Rendering a (mega) PDF in a Xamarin Android app

« Return to Our Notebook

Rendering a (mega) PDF in a Xamarin Android app

Display a PDF in Xamarin.Android

Even on mobile, sometimes you need to show people a PDF. In your Xamarin Android app, for most situations, having the user download the document to view it outside of the app using Android's native document viewer is probably fine. But what if the design specifies displaying the document in the app? And what if that document is 100+ pages long? We recently ran into this here at Infinity Interactive and needless to say, displaying a PDF in your Xamarin Android app is not as straightforward as one might expect.

Get the PDF

First off, we need to retrieve the PDF we want to display. Here’s how we get a PDF that's located in the Assets folder:

Stream inputStream = Assets.Open("837pages.pdf");

using (var outputStream = this.OpenFileOutput("_sample.pdf", Android.Content.FileCreationMode.Private))
{
  inputStream.CopyTo(outputStream);
}

var fileStreamPath = this.GetFileStreamPath("_sample.pdf");

MemoryStream m_memoryStream = new MemoryStream();
File.OpenRead(fileStreamPath.AbsolutePath).CopyTo(m_memoryStream);

// use the PDF fileStreamPath

And here’s how we get a PDF that you're retrieving as a byte array:

byte[] pdfData = null;
FileStream fileStream;
Java.IO.File file;
string filePathTemp;

// get the PDF as a byte[] from your API however you'd like
pdfData = await GetPdfAsByteArray();

if (pdfData != null)
{
  string directory = GetExternalFilesDir(null).ToString();
  filePathTemp = System.IO.Path.Combine(directory, "837pages.pdf");

  fileStream = System.IO.File.Create(filePathTemp);
  fileStream.Write(pdfData, 0, pdfData.Length);
  fileStream.Close();

  file = new Java.IO.File(filePathTemp);

  // use the PDF file
}

Displaying PDFs in Android

To display a PDF on Android you're provided with the PdfRenderer class. As specified in the documentation: "If you want to render a PDF, you create a renderer and for every page you want to render, you open the page, render it, and close the page."

A typical use of the API to render a PDF looks like:

// create a new renderer
 PdfRenderer renderer = new PdfRenderer(getSeekableFileDescriptor());

 // let us just render all pages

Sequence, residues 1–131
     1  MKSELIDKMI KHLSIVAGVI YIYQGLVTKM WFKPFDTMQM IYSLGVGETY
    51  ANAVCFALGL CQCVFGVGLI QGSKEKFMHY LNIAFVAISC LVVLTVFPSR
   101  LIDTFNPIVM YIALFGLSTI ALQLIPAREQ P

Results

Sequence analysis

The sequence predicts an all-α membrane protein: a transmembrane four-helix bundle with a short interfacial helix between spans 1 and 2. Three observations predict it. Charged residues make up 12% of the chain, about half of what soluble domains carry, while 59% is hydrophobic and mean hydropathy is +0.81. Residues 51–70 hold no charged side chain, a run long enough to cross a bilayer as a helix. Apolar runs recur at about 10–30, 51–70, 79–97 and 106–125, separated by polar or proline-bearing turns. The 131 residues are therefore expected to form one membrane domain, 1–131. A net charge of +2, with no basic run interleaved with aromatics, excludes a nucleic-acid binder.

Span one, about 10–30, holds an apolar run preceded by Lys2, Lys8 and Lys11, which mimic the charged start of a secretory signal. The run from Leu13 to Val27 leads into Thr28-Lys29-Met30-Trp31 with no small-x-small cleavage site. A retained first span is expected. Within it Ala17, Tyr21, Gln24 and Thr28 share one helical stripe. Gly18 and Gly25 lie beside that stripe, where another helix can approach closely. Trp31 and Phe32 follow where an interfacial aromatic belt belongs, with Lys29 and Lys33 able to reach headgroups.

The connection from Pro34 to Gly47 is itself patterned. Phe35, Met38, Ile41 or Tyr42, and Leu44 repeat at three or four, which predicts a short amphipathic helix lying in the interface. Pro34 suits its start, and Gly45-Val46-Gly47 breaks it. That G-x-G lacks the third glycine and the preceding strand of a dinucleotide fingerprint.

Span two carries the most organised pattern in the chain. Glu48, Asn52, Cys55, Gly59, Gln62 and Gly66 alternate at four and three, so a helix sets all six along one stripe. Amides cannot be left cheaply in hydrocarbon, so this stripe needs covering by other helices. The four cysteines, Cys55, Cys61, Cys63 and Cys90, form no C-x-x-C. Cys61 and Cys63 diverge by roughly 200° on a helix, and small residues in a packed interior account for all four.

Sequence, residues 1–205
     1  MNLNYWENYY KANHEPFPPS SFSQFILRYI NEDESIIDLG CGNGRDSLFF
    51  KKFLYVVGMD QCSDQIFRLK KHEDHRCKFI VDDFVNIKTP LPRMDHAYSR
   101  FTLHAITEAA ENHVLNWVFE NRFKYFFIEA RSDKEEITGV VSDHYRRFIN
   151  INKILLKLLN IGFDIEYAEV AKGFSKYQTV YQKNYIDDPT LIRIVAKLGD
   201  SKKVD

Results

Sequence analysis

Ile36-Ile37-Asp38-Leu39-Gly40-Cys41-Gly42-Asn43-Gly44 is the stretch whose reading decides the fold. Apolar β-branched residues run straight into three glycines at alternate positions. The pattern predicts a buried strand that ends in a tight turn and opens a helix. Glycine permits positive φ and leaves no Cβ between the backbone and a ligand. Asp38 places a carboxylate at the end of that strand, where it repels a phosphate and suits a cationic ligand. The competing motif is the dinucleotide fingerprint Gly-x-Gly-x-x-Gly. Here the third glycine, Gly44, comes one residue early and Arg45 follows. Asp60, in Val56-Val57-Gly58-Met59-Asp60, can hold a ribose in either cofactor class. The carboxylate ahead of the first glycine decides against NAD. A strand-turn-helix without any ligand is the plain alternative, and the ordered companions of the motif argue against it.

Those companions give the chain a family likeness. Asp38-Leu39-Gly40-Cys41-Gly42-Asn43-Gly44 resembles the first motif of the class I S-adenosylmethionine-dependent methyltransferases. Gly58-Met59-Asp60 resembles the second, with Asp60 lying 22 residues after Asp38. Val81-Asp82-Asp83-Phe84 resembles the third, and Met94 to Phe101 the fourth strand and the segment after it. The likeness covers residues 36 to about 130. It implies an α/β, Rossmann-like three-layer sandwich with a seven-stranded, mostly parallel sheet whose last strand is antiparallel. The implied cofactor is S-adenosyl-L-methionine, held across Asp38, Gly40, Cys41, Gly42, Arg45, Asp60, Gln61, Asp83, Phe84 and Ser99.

final int pageCount = renderer.getPageCount();
 for (int i = 0; i < pageCount; i++) {
     Page page = renderer.openPage(i);

     // say we render for showing on the screen
     page.render(mBitmap, null, null, Page.RENDER_MODE_FOR_DISPLAY);

     // do stuff with the bitmap

     // close the page
     page.close();
 }

 // close the renderer
 renderer.close();

You can use this along with a pretty basic RecyclerView to display a PDF file. You can render all the pages at the appropriate size, add them to a bitmap list and then pass that list over to your RecyclerView.Adapter.

List<Bitmap> pages;
Bitmap bitmap;

void RenderPages()
{
  var renderer = new PdfRenderer(ParcelFileDescriptor.Open(YOUR_PDF_FILE, ParcelFileMode.ReadOnly));
  var screenWidth = Resources.DisplayMetrics.WidthPixels;

  // render all pages
  pageCount = renderer.PageCount;
  for (int i = 0; i < pageCount; i++)
  {
    page = renderer.OpenPage(i);

    // create bitmap at appropriate size
    var ratio = (float)page.Height / page.Width;
    var newHeight = screenWidth * ratio;
    bitmap = Bitmap.CreateBitmap(screenWidth, (int)newHeight, Bitmap.Config.Argb8888);

    // render PDF page to bitmap
    page.Render(bitmap, null, null, PdfRenderMode.ForDisplay);

    // add bitmap to list
    pages.Add(bitmap);

    // close the page
    page.Close();
  }

  // close the renderer
  renderer.Close();

  // set RecyclerView.Adapter with bitmap list
  recyclerView.SetAdapter(new RecyclerViewAdapter(pages));
}
public class RecyclerViewAdapter : RecyclerView.Adapter
{
  public List<Bitmap> Pages { get; set; }

  public RecyclerViewAdapter(List<Bitmap> pages)
  {
    Pages = pages;
  }

  // Bindings to RecyclerView.ViewHolder etc ...
}

Initially this seems to work fine, especially if the PDF is only a few pages and the device has a decent amount of RAM.

Bitmaps Eat Memory

In the real world, however, you can quickly encounter old and underpowered devices which will throw an Out Of Memory (OOM) error crashing your app if the PDF is a bit larger.